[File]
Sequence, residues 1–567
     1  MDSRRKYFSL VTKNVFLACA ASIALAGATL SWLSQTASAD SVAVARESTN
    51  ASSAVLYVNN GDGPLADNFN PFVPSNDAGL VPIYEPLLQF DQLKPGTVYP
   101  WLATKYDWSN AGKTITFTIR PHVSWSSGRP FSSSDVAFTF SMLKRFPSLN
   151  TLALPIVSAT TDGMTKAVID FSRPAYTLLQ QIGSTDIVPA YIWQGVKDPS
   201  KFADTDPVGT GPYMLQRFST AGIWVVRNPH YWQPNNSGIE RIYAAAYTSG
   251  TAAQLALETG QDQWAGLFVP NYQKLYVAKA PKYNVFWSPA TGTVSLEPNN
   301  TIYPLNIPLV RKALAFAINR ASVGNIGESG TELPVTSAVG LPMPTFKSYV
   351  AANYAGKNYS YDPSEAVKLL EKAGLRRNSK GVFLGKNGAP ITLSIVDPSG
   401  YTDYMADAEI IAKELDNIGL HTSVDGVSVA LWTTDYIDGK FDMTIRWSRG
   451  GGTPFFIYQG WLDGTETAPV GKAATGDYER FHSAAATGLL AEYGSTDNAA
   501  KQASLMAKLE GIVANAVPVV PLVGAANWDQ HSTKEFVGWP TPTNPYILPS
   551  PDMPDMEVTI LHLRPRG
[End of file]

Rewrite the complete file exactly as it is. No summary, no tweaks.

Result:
Sequence, residues 1–567
     1  MDSRRKYFSL VTKNVFLACA ASIALAGATL SWLSQTASAD SVAVARESTN
    51  ASSAVLYVNN GDGPLADNFN PFVPSNDAGL VPIYEPLLQF DQLKPGTVYP
   101  WLATKYDWSN AGKTITFTIR PHVSWSSGRP FSSSDVAFTF SMLKRFPSLN
   151  TLALPIVSAT TDGMTKAVID FSRPAYTLLQ QIGSTDIVPA YIWQGVKDPS
   201  KFADTDPVGT GPYMLQRFST AGIWVVRNPH YWQPNNSGIE RIYAAAYTSG
   251  TAAQLALETG QDQWAGLFVP NYQKLYVAKA PKYNVFWSPA TGTVSLEPNN
   301  TIYPLNIPLV RKALAFAINR ASVGNIGESG TELPVTSAVG LPMPTFKSYV
   351  AANYAGKNYS YDPSEAVKLL EKAGLRRNSK GVFLGKNGAP ITLSIVDPSG
   401  YTDYMADAEI IAKELDNIGL HTSVDGVSVA LWTTDYIDGK FDMTIRWSRG
   451  GGTPFFIYQG WLDGTETAPV GKAATGDYER FHSAAATGLL AEYGSTDNAA
   501  KQASLMAKLE GIVANAVPVV PLVGAANWDQ HSTKEFVGWP TPTNPYILPS
   551  PDMPDMEVTI LHLRPRG